PA Court Finds State’s “Universal Mail-In Voting Act 77” Unconstitutional

PA Court Finds State’s “Universal Mail-In Voting Act 77” Unconstitutional

A big new ruling just came out of Pennsylvania, where a state court ruled that PA’s “Mail-in Voting Act 77” was unconstitutional.

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Gee, that would’ve been nice to know about a year ago, right?

You may recall the TIME Magazine bombshell piece that made a lot of waves for revealing this was how they “fortified” the election — by changing the laws without actually making them a “law.”

Tricky move. 

Hard to call it “cheating” when the state’s congressional representatives implemented it, right? It looks legit and seems so “official” to people when it’s done that way.

Well, it was a good cover, as we can clearly and sadly see.

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Fox 43 reported that a statewide court says Pennsylvania’s expansive two-year-old mail-in voting law is unconstitutional, agreeing with challenges by Republicans who soured on mail-in voting after then-President Donald Trump began baselessly attacking it as rife with fraud in 2020′s campaign.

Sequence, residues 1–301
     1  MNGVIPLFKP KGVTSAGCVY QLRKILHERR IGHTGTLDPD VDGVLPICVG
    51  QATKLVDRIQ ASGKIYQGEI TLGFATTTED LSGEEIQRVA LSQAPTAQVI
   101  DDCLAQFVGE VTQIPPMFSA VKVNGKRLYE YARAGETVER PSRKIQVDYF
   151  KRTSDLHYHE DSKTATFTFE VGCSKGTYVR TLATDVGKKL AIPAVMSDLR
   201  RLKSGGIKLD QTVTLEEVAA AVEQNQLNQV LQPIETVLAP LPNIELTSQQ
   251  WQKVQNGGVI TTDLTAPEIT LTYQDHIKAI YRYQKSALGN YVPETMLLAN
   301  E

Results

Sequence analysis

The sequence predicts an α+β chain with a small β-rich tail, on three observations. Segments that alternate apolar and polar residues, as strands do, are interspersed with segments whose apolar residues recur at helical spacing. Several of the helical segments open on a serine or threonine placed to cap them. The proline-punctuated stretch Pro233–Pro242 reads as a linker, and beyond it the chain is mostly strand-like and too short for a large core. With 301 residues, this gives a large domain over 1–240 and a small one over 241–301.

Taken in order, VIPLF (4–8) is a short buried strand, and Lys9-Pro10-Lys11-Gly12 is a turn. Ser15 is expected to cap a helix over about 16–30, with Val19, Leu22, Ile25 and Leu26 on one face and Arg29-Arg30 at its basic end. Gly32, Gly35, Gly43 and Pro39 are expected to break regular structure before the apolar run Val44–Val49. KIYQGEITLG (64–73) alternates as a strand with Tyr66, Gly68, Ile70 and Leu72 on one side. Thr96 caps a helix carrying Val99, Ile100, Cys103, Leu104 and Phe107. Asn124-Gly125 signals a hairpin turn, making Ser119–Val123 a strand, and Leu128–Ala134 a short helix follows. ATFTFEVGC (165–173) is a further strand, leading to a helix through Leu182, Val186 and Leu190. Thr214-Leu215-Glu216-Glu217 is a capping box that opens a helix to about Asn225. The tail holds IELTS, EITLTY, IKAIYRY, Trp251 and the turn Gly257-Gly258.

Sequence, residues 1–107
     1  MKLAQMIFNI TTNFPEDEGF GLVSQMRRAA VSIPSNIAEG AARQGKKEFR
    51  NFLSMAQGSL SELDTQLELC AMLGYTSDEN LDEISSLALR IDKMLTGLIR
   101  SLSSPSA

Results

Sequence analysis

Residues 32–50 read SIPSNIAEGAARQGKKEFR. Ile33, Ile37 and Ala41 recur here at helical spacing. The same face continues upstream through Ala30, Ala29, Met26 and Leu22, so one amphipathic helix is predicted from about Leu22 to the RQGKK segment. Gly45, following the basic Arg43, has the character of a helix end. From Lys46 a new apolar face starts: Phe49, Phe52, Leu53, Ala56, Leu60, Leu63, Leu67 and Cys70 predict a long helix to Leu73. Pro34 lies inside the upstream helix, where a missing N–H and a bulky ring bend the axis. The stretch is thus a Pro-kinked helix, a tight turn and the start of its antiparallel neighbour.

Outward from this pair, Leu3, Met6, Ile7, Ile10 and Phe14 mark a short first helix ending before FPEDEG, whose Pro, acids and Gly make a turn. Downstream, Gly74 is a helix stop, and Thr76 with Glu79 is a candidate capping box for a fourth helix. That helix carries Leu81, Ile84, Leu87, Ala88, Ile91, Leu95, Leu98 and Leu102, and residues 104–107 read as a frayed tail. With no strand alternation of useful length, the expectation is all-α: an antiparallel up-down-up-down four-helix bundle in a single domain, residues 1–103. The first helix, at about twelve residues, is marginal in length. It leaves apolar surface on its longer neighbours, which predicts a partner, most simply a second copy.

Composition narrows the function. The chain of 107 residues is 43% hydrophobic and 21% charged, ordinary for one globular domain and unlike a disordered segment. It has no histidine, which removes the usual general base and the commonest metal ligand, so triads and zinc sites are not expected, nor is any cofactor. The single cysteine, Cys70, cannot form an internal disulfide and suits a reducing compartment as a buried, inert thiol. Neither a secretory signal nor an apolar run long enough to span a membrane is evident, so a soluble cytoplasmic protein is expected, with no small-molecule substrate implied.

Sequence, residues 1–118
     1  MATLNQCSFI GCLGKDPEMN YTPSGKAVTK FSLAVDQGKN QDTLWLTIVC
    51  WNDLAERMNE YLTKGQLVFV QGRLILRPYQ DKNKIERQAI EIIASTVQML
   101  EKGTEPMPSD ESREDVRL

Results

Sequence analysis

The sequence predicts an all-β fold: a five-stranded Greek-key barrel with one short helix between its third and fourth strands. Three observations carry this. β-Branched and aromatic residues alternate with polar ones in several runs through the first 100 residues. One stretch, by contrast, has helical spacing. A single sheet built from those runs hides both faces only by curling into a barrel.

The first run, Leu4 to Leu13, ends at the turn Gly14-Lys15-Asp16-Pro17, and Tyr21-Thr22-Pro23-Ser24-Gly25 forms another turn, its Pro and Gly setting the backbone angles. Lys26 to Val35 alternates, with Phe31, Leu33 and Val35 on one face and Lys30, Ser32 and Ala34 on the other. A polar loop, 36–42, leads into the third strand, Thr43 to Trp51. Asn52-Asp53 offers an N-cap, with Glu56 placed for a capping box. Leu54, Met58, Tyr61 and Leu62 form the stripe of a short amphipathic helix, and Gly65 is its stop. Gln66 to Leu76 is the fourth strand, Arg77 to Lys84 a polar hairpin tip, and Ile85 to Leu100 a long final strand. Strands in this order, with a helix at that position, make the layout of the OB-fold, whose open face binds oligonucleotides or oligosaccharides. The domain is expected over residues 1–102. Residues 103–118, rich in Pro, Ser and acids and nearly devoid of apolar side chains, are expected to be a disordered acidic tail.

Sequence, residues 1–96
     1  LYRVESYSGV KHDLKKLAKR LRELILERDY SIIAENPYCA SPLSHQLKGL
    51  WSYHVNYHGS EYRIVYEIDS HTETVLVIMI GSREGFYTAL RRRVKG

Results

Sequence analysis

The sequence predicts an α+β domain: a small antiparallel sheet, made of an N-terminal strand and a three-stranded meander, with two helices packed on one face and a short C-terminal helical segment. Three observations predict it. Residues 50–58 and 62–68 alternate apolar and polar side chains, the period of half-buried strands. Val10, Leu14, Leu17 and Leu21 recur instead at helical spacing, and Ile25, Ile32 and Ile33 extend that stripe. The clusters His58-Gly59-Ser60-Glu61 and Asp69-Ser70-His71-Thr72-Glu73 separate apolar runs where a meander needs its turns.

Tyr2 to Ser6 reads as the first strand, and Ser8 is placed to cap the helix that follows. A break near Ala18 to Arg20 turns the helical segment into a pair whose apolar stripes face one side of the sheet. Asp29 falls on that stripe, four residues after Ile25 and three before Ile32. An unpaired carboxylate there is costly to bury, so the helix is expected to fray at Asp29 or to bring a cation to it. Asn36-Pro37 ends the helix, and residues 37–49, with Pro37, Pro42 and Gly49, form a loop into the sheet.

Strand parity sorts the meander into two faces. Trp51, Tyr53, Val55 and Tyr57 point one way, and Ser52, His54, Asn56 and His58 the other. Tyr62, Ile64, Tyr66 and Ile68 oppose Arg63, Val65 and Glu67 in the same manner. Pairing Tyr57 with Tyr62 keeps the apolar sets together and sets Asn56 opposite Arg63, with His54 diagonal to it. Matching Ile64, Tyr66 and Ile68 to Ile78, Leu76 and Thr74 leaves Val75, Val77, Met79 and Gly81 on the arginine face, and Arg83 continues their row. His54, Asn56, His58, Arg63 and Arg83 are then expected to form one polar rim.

According to a Commonwealth Court filing released Friday, the court ruled that Act 77, allowing residents to vote by mail in Pennsylvania, violates Article VII, Section 1 of the Pennsylvania constitution.

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The Commonwealth Court denied the Pa. Department of State acting secretary’s application for summary relief.
In the ruling, Commonwealth Court President Judge Mary Hannah Leavitt wrote, “If presented to the people, a constitutional amendment to end Article VII, Section 1 requirement of in-person voting is likely to be adopted. But a constitutional amendment must be presented to the people and adopted into our fundamental law before legislation allowing no-excuse mail-in voting can be ‘placed upon our statute books.'”

Friday’s decision by a five-judge Commonwealth Court panel could be put on hold immediately by an appeal from Gov. Tom Wolf’s administration to the state Supreme Court.
The decision throws the state’s voting laws into doubt in a big election year.
The three Republican judges agreed with Republican challengers.

The two Democrats on the panel dissented.

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I am sure Dems will challenge this all the way up to the state’s Supreme Court.

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